Whatever the truth of that explanation, Mike relayed it to me by saying Paul claimed the Italian *player* (Tyrone) had stabbed me in a previous game — at which point I broke out laughing, since Tyrone & I had never played together before. I couldn’t help but share the story immediately with Tyrone, and eventually the rest of the board (when an innocent query of “What are you hearing in the East?” got me giggling helplessly.)

      If Paul was able to lie that outrageously to Mike, I thought, a common fib like “I won’t go to Galicia” was certainly a possibility I needed to defend against. And since it naturally got back to Paul that I was telling the entire board what a huge liar he was, he had to assume I didn’t believe him about Galicia. So after agreeing to a DMZ, we wound up bouncing instead (for 5 straight turns!).

    3. Jake Trotta

      First off, [b]very[/b] impressive win Chris. Proud of Ol’ Clockwork’s performance, and any personal best performance should be celebrated.

      [quote name=”Chris Kelly”]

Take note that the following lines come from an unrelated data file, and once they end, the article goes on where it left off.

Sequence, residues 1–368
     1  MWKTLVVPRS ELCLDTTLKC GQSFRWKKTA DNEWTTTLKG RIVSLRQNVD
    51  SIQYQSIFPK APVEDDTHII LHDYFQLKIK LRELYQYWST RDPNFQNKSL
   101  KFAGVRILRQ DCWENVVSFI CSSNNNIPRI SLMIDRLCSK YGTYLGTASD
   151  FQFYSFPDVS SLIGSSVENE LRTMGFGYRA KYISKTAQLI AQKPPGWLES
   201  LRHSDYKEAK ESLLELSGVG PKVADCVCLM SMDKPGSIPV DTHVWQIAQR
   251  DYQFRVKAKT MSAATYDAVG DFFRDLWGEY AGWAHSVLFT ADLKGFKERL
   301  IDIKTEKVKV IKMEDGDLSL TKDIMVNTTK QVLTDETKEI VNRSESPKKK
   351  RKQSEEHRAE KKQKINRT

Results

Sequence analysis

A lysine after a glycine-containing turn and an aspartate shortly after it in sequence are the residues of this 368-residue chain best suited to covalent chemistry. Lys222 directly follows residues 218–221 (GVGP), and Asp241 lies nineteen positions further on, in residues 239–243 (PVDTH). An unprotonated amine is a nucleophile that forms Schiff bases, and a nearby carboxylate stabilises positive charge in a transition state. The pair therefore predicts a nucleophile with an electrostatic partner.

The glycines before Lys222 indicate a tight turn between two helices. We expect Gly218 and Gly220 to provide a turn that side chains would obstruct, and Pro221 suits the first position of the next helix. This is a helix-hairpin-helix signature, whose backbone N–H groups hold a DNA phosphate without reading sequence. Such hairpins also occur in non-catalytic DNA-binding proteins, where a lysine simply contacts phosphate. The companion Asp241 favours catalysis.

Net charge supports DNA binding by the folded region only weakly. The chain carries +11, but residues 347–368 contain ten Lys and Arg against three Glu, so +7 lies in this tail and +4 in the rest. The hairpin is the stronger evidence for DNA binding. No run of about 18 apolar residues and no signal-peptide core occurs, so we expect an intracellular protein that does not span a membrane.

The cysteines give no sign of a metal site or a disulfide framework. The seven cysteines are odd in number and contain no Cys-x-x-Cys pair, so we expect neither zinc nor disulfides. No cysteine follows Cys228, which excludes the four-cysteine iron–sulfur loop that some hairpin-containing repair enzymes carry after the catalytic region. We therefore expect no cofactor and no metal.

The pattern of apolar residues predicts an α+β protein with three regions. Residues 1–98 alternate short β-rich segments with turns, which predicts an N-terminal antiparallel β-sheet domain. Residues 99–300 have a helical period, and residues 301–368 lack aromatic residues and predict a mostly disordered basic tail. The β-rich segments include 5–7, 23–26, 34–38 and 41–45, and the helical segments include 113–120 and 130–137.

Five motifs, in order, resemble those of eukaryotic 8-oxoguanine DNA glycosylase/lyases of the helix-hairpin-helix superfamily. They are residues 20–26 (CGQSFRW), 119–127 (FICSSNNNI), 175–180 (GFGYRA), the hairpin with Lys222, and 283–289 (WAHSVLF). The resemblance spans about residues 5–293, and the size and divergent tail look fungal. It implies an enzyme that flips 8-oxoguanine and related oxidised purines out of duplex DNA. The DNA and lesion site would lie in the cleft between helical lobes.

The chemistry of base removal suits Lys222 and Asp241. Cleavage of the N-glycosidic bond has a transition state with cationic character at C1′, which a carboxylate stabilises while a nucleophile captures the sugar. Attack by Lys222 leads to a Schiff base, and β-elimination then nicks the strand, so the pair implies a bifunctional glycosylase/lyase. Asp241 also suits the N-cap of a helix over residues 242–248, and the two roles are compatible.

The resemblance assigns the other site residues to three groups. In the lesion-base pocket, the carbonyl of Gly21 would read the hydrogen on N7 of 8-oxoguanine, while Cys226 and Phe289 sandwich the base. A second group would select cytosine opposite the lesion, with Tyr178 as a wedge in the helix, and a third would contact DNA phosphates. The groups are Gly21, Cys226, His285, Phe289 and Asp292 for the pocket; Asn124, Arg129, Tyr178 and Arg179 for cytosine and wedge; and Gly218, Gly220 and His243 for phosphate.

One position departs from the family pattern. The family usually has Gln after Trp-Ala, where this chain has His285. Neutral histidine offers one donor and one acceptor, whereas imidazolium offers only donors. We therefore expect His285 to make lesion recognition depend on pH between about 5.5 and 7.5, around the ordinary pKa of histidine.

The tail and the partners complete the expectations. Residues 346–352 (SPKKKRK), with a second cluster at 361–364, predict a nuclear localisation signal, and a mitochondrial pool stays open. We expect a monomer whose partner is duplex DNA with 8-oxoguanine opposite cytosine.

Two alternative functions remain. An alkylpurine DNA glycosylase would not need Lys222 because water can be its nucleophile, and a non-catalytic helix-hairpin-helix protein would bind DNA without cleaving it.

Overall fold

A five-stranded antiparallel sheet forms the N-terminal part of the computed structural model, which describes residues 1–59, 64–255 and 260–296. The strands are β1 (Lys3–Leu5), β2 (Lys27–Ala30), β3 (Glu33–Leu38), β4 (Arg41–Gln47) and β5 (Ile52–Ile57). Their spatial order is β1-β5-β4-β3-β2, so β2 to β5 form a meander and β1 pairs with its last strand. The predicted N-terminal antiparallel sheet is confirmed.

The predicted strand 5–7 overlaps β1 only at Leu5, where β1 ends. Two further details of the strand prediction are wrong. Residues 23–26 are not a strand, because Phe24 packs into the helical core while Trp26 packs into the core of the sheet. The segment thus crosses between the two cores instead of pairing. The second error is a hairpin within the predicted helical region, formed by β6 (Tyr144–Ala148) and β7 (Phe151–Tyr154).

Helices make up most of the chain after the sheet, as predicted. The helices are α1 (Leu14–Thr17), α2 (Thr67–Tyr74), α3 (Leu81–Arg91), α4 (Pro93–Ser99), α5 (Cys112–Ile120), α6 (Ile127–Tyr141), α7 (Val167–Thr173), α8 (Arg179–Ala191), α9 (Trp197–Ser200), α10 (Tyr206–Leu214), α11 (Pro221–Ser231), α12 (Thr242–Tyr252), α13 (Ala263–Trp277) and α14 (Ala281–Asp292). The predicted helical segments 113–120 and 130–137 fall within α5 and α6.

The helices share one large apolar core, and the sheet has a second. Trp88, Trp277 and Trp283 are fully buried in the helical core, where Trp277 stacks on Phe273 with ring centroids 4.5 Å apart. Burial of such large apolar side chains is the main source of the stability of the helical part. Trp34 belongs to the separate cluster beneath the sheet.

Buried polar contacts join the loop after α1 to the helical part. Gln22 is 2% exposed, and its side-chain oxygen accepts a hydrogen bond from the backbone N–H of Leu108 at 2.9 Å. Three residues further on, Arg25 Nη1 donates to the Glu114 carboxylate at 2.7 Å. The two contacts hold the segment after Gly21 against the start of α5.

Again, I should have paid a price for that hubris, but I got away with it. [/quote]

      If there is a lesson for folks to learn from this AAR, it is this. A lot of players are too afraid of the board uniting against them and for that reason don’t take those big risks. More often than not, you can in fact get away with it, especially in the midgame.

      [quote name=”Chris Kelly”]

      I decided that if I was going to renege on my deal with Paul, I might as well gamble on a huge breakout move, walking into an undefended Rome (passing through Venice) and seizing Munich… while also taking Constantinople [/quote]

      If there is a second lesson, it is this. Stabs are cashing in your relationship capital for dots and tempo capital. If you’re going to ruin a relationship, get your money’s worth.